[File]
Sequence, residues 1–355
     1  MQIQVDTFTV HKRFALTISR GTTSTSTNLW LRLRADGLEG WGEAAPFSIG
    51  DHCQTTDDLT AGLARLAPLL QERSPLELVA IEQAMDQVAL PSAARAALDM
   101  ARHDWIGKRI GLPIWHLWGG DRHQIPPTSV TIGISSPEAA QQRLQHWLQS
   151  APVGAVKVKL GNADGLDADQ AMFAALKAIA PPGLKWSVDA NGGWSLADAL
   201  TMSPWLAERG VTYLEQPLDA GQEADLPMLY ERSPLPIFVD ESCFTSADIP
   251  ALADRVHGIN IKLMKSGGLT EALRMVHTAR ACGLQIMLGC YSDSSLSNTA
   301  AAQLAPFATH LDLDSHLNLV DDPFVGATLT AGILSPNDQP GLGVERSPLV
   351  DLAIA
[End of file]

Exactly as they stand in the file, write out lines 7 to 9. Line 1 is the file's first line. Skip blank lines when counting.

   251  ALADRVHGIN IKLMKSGGLT EALRMVHTAR ACGLQIMLGC YSDSSLSNTA
   301  AAQLAPFATH LDLDSHLNLV DDPFVGATLT AGILSPNDQP GLGVERSPLV
   351  DLAIA